Book Review: The Cryotron Files

Book Review: The Cryotron Files

Author
Iain Dey & Douglas Buck
ARRSE Rating
3.5 Mushroom Heads
In the age of the internet it is easy to forget the pioneers of computing, those who made the first steps from mechanical computation to electronic calculation. Much of their impetus stemming from 2nd World War needs that then moved straight into the Cold War.

Dudley Buck was one of the pioneers, a self taught electronics geek who was picked up by the US Navy V12 programme and sent to the University of Washington. Students often ran pet projects but Buck built his own radar prior to graduating.

A first navy posting was to the navy’s communication HQ and somewhat unsurprisingly he was assigned to cryptology. The team there had already commenced work on Russian communications before the war ended, second guessing how fragile peace would be. The Greats of the Japan team had broken codes with more intellect than technology and were now seeing a radical change to their craft.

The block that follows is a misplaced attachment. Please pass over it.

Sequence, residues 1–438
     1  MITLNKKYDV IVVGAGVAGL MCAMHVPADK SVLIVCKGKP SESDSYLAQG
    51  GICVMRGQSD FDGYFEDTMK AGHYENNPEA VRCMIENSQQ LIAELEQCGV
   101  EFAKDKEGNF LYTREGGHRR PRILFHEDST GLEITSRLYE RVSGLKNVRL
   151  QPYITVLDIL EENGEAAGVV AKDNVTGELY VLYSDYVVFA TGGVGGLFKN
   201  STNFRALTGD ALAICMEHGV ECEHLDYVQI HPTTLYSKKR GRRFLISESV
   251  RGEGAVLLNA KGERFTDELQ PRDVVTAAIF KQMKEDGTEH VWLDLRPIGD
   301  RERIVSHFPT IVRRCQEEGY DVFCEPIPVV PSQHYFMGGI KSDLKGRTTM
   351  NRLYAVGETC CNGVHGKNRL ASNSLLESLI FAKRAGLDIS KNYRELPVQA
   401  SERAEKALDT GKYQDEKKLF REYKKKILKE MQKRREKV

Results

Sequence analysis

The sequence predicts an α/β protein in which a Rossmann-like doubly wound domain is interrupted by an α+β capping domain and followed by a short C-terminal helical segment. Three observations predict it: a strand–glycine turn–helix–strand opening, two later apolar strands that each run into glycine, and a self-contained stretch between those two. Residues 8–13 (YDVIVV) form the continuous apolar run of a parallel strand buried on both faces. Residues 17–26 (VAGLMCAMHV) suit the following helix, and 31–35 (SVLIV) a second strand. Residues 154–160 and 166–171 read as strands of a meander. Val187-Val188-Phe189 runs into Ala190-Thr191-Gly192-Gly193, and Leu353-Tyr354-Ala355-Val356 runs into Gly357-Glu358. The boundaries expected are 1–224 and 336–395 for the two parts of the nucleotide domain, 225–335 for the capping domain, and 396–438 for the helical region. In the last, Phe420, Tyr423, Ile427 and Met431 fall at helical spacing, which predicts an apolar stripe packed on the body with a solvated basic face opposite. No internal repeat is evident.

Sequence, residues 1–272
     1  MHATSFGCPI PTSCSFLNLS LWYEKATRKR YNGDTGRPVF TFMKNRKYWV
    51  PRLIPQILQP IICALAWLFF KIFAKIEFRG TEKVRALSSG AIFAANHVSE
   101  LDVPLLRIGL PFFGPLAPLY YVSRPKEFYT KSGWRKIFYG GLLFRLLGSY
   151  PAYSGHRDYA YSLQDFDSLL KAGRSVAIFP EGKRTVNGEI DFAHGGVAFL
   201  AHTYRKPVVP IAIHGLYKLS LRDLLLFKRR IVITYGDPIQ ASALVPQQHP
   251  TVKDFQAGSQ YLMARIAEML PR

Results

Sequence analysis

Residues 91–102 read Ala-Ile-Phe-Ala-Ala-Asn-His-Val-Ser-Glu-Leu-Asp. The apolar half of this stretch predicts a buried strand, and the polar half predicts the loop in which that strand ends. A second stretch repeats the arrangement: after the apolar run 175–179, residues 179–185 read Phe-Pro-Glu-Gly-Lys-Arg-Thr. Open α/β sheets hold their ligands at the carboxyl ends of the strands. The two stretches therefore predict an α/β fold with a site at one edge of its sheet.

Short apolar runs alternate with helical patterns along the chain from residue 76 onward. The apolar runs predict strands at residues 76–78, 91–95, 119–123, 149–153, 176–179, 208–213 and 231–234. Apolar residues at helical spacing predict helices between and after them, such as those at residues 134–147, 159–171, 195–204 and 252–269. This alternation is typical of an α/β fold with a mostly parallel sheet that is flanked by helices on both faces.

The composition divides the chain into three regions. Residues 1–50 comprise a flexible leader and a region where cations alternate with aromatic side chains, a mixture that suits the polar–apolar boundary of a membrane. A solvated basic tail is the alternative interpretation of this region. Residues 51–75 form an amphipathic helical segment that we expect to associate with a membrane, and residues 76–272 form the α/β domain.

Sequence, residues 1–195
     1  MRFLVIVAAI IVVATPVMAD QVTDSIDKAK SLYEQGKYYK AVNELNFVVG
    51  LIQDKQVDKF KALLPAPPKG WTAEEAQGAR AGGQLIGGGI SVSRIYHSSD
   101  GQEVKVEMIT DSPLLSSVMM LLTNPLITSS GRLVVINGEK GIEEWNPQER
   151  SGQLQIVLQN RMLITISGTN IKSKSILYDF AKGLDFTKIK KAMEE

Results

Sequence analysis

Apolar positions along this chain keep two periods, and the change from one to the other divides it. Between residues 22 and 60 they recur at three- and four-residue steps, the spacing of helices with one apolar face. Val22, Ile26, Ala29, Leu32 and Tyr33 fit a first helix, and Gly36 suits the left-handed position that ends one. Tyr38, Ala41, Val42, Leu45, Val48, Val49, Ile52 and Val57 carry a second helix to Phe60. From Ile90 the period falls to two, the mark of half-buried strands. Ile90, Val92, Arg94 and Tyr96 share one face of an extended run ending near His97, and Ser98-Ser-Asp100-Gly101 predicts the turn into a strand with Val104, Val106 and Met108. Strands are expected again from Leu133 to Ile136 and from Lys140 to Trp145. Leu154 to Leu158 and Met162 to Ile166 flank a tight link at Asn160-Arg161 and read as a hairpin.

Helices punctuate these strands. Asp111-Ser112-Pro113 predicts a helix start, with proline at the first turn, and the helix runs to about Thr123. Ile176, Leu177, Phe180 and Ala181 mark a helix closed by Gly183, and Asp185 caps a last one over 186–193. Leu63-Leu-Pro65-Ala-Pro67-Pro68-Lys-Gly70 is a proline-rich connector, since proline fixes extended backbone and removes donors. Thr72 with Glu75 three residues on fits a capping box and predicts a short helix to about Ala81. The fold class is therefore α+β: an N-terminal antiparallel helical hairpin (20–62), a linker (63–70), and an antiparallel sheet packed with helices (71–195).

Gunners will be pleased (and will remind everyone in earshot!)to note that demand for electronic calculation was stimulated by new range tables for more powerful artillery, typically 500 per weapon system. There were not enough trained personnel to achieve these requirements.

Buck was sent to George Washington University for further study but was also working on computer development. Not content with back room work Buck also accepted a navy discharge and drew a diplomatic passport and .32 revolver to head for Germany and the Gehlen organisation, his tasks are not fully documented.

On return Buck plunged back into computer development and a role at MIT. The biggest holdback in computing was the slow electromechanical switchgear, but Buck started to work on his Cryotron, a superconducting solid state switch that would miniaturise and speed computing.

The book examines his career in depth but the plot alters course in the last phase. Buck’s laboratories were visited by a high level Soviet academic delegation, just after their return to the USSR Buck died of a heart attack.

The first part of the book is fascinating, especially for the IT literate. Is the second part an attempt to jazz up the story or an enigma of the Cold War? Let the reader be the judge...

The book runs to 261 pages with a good list of interviewees, chapter notes and index. The illustrations are relevant and on good quality gloss paper. Cover price is £20 , with Kindle at £11.51 and copies on Amazon from £8.80

Author
MoleBath
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